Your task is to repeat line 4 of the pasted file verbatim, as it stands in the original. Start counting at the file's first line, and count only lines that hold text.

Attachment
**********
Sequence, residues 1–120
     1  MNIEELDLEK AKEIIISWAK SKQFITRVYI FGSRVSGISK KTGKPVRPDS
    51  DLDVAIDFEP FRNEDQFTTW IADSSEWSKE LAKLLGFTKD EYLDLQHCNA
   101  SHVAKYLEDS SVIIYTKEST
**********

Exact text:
   101  SHVAKYLEDS SVIIYTKEST